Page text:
A machine-translation algorithm that can decode neural activity and translate it into sentences with high levels of accuracy is reported in a paper in Nature Neuroscience.
Brain–machine interfaces have had limited success in decoding speech from neural activity, and their accuracy remains far below that of natural speech. Previous brain–machine interfaces could only decode fragments of spoken words or less than 40% of words in spoken phrases.
Joseph Makin and colleagues examined recent advances in machine translation and used these approaches to train recurrent neural networks to map neural signals directly to sentences. Four participants, who had been implanted with intracranial electrodes for seizure monitoring, read sentences aloud while the electrodes recorded their neural activity. The neural activity was fed into a recurrent neural network, which created a representation of regularly occurring neural features that are likely to be related to repeated features of speech such as vowels, consonants or commands to parts of the mouth. Another recurrent neural network then decoded this representation word by word to form a sentence. The authors also found that brain regions that strongly contributed to speech decoding were also involved in speech production and speech perception.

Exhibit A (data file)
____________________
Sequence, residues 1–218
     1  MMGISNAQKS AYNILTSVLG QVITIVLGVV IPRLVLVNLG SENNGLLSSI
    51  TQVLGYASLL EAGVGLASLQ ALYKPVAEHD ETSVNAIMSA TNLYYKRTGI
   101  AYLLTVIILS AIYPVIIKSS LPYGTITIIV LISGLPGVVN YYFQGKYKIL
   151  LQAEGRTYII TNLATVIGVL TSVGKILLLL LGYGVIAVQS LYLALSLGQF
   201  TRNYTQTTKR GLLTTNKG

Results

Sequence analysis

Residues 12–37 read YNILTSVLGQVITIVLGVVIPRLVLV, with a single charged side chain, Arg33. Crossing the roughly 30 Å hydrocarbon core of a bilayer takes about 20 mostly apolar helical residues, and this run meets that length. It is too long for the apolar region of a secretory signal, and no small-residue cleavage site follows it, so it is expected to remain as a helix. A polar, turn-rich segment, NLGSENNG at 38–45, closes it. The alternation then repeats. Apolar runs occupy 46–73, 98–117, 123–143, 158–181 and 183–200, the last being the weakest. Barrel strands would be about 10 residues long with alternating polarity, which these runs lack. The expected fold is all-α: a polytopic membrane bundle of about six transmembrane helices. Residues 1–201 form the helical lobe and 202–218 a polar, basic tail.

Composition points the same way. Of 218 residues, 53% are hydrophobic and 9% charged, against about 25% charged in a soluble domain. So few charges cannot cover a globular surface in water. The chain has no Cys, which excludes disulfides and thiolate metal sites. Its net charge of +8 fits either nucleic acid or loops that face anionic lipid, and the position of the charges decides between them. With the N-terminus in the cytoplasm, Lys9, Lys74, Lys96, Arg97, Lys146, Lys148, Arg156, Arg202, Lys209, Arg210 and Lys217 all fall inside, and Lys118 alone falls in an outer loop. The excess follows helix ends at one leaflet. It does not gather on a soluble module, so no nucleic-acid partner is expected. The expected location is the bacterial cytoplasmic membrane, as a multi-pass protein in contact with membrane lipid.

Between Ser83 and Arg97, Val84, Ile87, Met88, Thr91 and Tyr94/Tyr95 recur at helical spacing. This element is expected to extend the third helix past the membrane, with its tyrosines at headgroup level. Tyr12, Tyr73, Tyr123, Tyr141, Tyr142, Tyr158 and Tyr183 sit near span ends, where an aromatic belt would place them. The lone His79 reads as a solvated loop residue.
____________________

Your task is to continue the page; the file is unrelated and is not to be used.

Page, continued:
This machine-translation approach decoded spoken sentences from one patient’s neural activity with an error rate similar to that of professional-level speech transcription. Additionally, when the recurrent networks were pre-trained on neural activity and speech from one person before training on another participant, decoding results improved, suggesting that this approach may be transferable across people. However, further research is needed to investigate more fully the capabilities of this system, and to expand decoding beyond the circumscribed language of the study.
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